Hey, thanks for mentioning Amazon S3. I looked into it again just now and realized - I'm using it too and I didn't even realize it! How could that be? Well, my pro site is hosted by SmugMug. And SmugMug apparently uses S3 now to store its customers' photos.

Will
05-22-2008, 07:13 AM   #29
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QuoteOriginally posted by Ben_Edict Quote
I store my live data on a 4 TB RAID6 networked storage drive. In addition I make 3 backup DVDs of each image to store in different locations.
Wow, that's hardcore.

After filling up my 500GB external drive I am now looking at the next stage of evolution. This will involve a NAS with RAID 1. I like this idea as it is far more environmentally friendly than keeping a computer on all day as a server. Family can share music files etc. across our network. Oh yeah, I'm soon putting in CAT5 so we'll have three rooms directly attached to the LAN. Wireless is crap, basically.

I am looking at the Netgear ReadyNAS Duo with 750GB plus a second 750GB disk. This is not terribly cheap (here in Europe) but having a good redundant file storage is worth it. I think maybe I'll use this for my "live work" folders and then manually backup a copy to an external drive on a scheduled basis.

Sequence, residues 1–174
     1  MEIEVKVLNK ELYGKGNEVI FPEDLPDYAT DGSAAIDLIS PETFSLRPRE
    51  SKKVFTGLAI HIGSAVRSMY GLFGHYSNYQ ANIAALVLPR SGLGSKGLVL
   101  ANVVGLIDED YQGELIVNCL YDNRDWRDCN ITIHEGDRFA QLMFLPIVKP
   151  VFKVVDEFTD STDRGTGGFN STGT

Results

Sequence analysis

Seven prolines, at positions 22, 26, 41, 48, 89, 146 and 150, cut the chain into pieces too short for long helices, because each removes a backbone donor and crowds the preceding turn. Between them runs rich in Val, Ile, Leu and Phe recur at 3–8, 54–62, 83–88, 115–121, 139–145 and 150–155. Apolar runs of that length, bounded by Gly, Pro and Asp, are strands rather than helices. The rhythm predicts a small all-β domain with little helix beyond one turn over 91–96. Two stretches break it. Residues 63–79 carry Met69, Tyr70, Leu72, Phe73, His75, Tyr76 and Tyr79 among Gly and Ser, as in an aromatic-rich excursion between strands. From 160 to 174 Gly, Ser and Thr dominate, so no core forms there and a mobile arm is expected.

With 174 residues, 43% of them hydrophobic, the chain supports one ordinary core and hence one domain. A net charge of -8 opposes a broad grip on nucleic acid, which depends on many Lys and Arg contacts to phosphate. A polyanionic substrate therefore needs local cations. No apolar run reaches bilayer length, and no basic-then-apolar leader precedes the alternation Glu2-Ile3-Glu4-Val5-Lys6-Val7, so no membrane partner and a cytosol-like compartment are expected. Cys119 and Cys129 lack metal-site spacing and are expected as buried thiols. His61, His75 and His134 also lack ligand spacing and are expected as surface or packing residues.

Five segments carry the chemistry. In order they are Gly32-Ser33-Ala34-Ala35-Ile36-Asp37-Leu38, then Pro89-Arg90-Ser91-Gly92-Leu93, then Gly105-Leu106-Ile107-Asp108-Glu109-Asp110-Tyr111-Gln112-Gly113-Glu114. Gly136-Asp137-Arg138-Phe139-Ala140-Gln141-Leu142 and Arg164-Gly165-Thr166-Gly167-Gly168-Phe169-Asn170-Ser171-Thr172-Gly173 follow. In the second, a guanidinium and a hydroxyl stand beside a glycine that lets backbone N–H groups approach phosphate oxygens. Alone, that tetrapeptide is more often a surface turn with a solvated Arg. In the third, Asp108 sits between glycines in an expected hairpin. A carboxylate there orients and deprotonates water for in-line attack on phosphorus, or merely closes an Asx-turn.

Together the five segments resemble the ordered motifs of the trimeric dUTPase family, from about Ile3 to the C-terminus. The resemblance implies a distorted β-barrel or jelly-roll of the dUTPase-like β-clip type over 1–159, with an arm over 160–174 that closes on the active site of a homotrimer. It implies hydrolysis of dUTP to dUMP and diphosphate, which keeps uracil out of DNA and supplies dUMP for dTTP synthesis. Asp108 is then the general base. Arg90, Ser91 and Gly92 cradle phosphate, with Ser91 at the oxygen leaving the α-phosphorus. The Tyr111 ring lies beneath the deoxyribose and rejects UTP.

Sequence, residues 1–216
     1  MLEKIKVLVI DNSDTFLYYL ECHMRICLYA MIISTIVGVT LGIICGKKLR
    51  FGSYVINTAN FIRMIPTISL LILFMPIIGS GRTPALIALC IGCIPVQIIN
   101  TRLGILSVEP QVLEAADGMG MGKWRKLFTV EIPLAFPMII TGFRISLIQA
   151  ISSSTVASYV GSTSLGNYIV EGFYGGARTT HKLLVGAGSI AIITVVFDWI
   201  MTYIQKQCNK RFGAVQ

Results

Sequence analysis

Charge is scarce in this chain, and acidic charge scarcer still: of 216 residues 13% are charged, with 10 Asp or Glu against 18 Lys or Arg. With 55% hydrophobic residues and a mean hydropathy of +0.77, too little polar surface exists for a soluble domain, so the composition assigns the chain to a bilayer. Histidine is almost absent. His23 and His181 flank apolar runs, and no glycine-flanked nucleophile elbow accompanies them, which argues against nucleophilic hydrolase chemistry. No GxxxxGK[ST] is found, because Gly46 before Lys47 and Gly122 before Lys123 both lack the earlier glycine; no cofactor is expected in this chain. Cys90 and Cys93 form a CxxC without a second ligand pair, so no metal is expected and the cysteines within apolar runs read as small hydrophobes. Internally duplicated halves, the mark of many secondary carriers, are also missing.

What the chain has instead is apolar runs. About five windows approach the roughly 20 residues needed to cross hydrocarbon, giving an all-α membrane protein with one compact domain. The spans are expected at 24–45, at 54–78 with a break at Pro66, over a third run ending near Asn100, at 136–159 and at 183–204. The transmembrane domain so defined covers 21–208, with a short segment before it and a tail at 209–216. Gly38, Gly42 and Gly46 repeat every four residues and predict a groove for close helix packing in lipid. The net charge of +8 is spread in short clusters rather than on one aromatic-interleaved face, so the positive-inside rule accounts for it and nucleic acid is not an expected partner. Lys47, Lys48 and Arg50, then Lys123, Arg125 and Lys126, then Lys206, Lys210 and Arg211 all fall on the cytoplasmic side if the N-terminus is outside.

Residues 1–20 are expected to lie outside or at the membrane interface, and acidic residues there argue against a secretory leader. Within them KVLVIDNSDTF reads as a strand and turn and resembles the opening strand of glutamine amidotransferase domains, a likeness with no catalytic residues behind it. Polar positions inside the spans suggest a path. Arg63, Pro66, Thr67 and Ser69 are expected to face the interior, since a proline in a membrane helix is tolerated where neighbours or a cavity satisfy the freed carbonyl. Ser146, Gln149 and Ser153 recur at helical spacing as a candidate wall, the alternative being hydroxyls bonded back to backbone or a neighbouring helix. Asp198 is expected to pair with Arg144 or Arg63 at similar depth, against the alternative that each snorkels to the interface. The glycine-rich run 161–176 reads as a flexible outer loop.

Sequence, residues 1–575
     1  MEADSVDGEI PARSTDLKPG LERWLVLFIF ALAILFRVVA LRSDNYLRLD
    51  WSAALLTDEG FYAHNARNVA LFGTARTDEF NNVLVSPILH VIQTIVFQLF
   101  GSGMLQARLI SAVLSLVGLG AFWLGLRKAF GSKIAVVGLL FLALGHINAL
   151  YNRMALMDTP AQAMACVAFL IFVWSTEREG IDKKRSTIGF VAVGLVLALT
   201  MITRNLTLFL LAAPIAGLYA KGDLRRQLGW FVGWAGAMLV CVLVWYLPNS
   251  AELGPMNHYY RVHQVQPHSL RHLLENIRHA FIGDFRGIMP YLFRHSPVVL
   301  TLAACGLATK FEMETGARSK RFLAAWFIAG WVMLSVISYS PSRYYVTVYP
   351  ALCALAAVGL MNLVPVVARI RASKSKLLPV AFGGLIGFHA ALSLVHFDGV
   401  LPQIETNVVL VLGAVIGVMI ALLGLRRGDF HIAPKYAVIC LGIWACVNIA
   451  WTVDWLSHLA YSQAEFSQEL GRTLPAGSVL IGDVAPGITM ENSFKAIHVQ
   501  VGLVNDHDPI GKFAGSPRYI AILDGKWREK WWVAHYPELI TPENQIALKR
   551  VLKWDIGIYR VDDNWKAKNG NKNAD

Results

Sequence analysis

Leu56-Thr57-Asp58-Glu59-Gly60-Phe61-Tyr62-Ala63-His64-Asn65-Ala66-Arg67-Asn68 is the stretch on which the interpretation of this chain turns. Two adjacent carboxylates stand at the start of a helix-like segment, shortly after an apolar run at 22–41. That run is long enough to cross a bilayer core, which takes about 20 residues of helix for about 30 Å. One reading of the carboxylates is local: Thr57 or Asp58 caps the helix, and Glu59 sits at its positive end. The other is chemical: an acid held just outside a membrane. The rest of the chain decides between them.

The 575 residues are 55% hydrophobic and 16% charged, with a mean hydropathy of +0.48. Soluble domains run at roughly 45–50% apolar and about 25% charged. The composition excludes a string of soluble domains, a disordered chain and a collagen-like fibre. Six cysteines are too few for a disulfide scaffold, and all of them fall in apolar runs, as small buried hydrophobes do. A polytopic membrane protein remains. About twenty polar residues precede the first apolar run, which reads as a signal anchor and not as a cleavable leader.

Backing up to DVD gets old fast. I have a couple hundred of them. I create music as well as photos -- multi-channel audio eats space quickly. Thank goodness I am not into video!

Any experience with NAS setups?
05-22-2008, 07:44 AM   #30
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Never, ever use a single hard drive for photo storage. You need at least two for redundancy.

Either poor man's RAID (copy the files to each drive), or real RAID. Poor Man's RAID is less convenient but lets you physically separate the drives, and is more immune to operating system/operator errors that might cause data loss.

Of course, the best is a combination of poor man's RAID using multiple RAID arrays.

Right now I'm using a relatively old RAID-5 array of 5x 250GB drives (giving 1TB usable storage since one drive is parity). I need to add a secondary backup mechanism to this, I have been lax in that regard.

I am considering Blu-Ray when the prices drop, but DVD-R in the meantime.